Inheritance of Shadows

Inheritance of Shadows

4.3 3
by Janis Susan May
     
 

Aurora Mathis is coming home. Back to Merrywood, an estate she doesn't remember. Back to the house in which her father died by his own hand. Back to where she witnessed his death.

Charles Mathis captivated millions of readers with a series of eerie fantasy novels before taking his own life when Aurora was just a toddler. Aurora tried to hide

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Overview

Aurora Mathis is coming home. Back to Merrywood, an estate she doesn't remember. Back to the house in which her father died by his own hand. Back to where she witnessed his death.

Charles Mathis captivated millions of readers with a series of eerie fantasy novels before taking his own life when Aurora was just a toddler. Aurora tried to hide from his infamy but now she wants to learn about the man she never knew.

She agrees to attend a convention honoring her father's work but on arrival is filled with a gnawing sense of unease and soon begins dreaming of the strange, inhuman beings who populated her father's books. When she starts receiving odd gifts and seeing mysterious robed figures in the halls of Merrywood, Aurora worries she may be losing her mind.

As the days pass and the happenings around her turn from odd to dangerous, Aurora begins to wonder if the magical world her father created may not be completely fictional...

94,000 words

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Product Details

ISBN-13:
9781426896897
Publisher:
Carina Press
Publication date:
07/15/2013
Sold by:
HARLEQUIN
Format:
NOOK Book
Sales rank:
100,126
File size:
1 MB

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Read an Excerpt


Upon the third confluence, when the two suns crossed and became one, they came to the meeting ground of Ubaneith beneath the mountain of Hes, as demanded by the ancient tradition of the Land of the Two Suns. As demanded by ancient tradition no weapons were allowed, which was a poor thing in its own way. A Racontranone without his dagger, a Melph denuded of club and sword, the Eisfodea deprived of their trident spear, all were pitiful things which, in any other time and any other place, would be regarded as freaks of nature. Even the feathered Valnicks, whose sole armament was the talons which grew from the tips of their toes, were rendered harmless by heavy leathern boots.

The lone denizens of the Land of the Two Suns which could not be disarmed were the Ghrones, cuddly ball-like creatures who were renowned for their wit and the sharpness of their tongues. As neither of these could be confiscated, they alone lost nothing when the peoples gathered at the foot of the tall and revered mountain of Hes.

Neither were the Shining Ones nor the Mediators armed, but then they never were. Though perhaps the stuff of legend as well as of fear, both were reputed to possess magicks beyond the grasp of common minds. Each in their own way, remote, fair and impartial, they had directed the Land of the Two Suns since the start of time, becoming involved only when necessary but somehow always there, whether seen or not.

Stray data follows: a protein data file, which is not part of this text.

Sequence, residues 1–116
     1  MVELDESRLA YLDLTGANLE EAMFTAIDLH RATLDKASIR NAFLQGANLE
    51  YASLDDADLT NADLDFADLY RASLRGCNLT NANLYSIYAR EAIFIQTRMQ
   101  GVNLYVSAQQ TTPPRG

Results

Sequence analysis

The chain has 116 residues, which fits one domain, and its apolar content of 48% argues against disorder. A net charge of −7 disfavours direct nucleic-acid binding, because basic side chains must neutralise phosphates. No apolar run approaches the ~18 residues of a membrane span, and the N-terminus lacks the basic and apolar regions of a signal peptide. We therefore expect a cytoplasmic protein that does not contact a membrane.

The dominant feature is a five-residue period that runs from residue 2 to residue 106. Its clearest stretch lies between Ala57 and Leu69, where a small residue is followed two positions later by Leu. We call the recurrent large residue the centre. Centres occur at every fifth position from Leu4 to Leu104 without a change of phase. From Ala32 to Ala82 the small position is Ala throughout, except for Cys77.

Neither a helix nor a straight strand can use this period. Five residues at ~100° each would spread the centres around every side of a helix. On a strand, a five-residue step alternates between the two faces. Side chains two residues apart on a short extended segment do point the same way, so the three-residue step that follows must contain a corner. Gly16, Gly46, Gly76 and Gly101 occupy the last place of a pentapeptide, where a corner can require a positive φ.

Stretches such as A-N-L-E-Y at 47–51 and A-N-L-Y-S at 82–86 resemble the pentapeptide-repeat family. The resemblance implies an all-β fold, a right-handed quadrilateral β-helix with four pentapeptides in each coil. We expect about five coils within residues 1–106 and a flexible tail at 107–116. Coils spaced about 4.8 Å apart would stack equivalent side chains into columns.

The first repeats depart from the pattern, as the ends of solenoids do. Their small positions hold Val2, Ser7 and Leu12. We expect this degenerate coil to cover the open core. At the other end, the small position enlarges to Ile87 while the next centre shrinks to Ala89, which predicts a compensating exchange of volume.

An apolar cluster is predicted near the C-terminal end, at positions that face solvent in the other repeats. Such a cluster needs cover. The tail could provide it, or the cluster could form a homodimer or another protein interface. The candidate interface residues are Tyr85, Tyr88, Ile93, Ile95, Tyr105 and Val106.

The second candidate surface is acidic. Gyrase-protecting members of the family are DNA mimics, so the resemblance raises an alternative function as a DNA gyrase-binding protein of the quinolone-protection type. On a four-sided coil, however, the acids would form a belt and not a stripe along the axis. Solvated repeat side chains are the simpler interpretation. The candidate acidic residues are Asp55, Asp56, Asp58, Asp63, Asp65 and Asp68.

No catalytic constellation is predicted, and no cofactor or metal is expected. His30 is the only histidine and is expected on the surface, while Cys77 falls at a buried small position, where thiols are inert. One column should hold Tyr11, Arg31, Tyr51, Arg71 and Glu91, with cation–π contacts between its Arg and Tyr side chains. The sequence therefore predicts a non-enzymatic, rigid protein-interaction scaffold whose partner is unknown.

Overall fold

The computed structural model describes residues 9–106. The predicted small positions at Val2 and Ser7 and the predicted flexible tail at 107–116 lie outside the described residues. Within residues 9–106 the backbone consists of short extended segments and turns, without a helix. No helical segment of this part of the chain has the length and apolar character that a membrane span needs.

Thus began the Great Convergence.
Land of the Two Suns
—Charles Mathis

Some things haunt you for a lifetime; such was the stain of my father's genius.

My mother had protected me from it when I was a child, but perhaps too well. If I had known more of Charles Mathis, more of what Charles Mathis meant to others, I would have been better prepared and the horrors of Merrywood averted. Even as it was, to find out everything at once during my college days had been overwhelming, so much so that I spent a great deal of my life working at being simply A. J. Mathis and denying any connection.

But now I was returning to Hastings' Ferry.

And I was returning as my father's daughter.

To my Midwestern eyes Connecticut was claustrophobic. The toll highways were like highways anywhere, broad and anonymous and bland, but off of them there were small roads set between deep stands of woods. It appeared secretive and somehow sinister in spite of the overwhelming green, now just touched with the beginning of autumn color. Dr. Lee had offered to send a car to pick me up at JFK, but I had declined, saying I would prefer to drive myself. I wanted to see the countryside, I said. What I meant was if I had my own car I could leave in my own time.

In spite of my having been born here, I had no memory of this part of the country and as I drove nothing looked even the slightest bit familiar. Mother and I had left just barely after my third birthday, but even though such a lack of recognition was expected it was still disappointing. Surely somewhere in my brain were pictures of this road, those little clapboard houses, the gurgling little stream. Or perhaps it was some sort of atavistic race memory from all my forebears who lived and died in this cold and rocky land. Were the impressions on an infant's brain fleeting things and one had to be old enough to forcibly capture them for memories?

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